When you dial in crappie holding in deeper areas but find fish in a picky mood, trolling tiny jigs, flies or stickbaits in front of them can present a challenge. Generally, letting out more line gets a lure deeper, but the longer your spread, the less control and depth accuracy you have.
Crappie pro Dan Dannenmueller takes his rig-building seriously, and he’s seldom caught without a suitable option for a given scenario. Single rigs, doubles, lighter weights or perhaps something with a faster fall — he likes to stay prepared for whatever a lake may throw at him.
Without question, the toughest bass to catch are the ones suspending over deep water. Without definitive cover to target, anglers find it difficult to reach and entice fish that are typically in a negative mood.
Lean, mean biting machines, king mackerel pack a mouthful of sharp teeth that’ll make short work of monofilament or even fluorocarbon line. These fish are also notorious for snipping baits in half and missing single hook-rigs. A double dose of frustration, to be sure, but this worthy opponent can be beaten — with the right equipment.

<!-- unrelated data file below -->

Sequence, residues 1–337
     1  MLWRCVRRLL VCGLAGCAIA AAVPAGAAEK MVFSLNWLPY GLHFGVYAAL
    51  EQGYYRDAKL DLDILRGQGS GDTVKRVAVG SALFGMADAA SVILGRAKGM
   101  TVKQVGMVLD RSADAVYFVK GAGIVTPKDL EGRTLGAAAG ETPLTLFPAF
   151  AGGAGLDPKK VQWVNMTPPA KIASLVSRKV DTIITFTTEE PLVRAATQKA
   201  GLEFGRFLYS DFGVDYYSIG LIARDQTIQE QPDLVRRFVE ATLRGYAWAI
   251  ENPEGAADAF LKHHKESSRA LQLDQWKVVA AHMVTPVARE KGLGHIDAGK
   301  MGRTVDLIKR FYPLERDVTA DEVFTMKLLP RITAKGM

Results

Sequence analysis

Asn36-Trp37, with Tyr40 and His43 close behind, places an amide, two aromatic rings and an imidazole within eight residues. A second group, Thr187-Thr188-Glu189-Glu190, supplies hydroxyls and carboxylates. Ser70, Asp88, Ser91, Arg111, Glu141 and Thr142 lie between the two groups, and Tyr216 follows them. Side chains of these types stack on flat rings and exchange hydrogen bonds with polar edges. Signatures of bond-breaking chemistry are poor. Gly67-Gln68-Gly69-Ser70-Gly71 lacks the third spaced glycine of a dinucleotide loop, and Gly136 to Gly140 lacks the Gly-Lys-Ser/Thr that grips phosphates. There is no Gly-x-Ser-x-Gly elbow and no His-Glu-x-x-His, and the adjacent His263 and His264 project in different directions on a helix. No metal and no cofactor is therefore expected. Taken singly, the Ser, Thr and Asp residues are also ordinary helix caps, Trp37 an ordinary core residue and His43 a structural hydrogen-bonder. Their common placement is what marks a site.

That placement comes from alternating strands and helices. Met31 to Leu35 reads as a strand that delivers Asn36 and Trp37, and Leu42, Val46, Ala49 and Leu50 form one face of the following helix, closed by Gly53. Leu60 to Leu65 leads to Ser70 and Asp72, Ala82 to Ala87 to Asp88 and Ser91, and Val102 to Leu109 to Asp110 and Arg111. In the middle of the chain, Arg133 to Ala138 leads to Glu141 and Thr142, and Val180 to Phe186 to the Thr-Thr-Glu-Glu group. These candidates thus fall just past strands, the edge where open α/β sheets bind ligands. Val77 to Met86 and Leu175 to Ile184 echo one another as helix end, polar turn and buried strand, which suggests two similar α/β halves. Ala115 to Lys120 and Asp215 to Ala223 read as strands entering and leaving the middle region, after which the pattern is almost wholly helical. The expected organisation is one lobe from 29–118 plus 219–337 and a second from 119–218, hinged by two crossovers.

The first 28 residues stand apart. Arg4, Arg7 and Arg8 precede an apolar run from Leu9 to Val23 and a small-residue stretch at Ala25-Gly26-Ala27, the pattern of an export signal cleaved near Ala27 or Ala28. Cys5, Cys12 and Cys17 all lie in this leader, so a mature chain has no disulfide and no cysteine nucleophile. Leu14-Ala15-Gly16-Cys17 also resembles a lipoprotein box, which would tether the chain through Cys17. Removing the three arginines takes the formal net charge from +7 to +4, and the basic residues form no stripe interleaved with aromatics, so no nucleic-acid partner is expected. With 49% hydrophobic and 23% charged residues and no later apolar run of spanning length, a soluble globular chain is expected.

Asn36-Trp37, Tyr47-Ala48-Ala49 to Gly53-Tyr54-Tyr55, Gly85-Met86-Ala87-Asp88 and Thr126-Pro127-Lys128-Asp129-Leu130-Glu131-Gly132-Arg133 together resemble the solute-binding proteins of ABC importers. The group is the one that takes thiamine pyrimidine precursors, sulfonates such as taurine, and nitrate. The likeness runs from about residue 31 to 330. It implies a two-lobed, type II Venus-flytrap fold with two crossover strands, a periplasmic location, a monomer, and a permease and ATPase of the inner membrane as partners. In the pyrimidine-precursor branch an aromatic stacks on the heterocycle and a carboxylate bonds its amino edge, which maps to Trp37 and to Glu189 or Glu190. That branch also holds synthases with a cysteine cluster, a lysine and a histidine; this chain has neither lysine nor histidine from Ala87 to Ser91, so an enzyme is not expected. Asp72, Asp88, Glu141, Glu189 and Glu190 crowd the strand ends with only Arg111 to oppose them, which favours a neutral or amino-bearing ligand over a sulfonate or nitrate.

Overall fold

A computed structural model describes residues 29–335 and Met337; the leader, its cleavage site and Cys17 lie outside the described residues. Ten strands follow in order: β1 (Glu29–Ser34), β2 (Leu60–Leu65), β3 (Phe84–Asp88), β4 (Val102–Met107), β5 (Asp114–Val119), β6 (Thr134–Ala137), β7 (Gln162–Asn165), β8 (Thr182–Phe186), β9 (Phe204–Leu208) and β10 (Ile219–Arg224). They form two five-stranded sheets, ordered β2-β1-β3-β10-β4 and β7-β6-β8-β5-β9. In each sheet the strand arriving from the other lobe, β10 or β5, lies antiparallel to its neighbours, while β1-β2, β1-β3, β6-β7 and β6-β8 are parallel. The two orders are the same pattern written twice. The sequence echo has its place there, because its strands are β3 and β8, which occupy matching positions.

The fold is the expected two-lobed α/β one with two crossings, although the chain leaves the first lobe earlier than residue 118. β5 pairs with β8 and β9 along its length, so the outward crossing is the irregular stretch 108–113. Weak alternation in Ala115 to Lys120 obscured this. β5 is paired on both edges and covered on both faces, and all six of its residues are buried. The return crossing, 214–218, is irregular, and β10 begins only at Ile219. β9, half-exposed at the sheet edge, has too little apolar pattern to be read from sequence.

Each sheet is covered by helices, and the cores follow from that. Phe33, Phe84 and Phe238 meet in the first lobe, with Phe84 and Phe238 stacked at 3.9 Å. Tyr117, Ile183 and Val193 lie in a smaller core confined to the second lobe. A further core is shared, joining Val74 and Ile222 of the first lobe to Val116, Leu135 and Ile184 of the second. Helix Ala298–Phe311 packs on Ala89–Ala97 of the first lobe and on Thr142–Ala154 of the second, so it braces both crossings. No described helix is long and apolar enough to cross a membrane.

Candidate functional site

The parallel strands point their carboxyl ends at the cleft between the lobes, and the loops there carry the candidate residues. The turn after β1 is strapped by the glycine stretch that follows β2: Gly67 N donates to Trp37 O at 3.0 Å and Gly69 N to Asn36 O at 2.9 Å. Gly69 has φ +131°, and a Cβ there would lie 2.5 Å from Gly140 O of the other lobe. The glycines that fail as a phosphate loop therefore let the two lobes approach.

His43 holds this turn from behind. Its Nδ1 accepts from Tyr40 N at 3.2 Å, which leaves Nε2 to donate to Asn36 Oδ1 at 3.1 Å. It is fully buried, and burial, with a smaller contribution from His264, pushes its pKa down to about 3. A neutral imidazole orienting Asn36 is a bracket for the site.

Shade, shelter and feeding opportunities; it’s no wonder bass don’t want to leave their docks. You pluck a few from the perimeters with moving baits and maybe flip a couple off those outside posts, but consistency hinges on your ability to take it to ’em.
Bass anglers know that few scenarios rival the hair-pulling frustration of suspended fish. Maybe it’s largemouth fleeing heavy fishing pressure on their offshore humps and contour breaks; or perhaps we’re talking about spotted bass suspending in open water because they enjoy being difficult.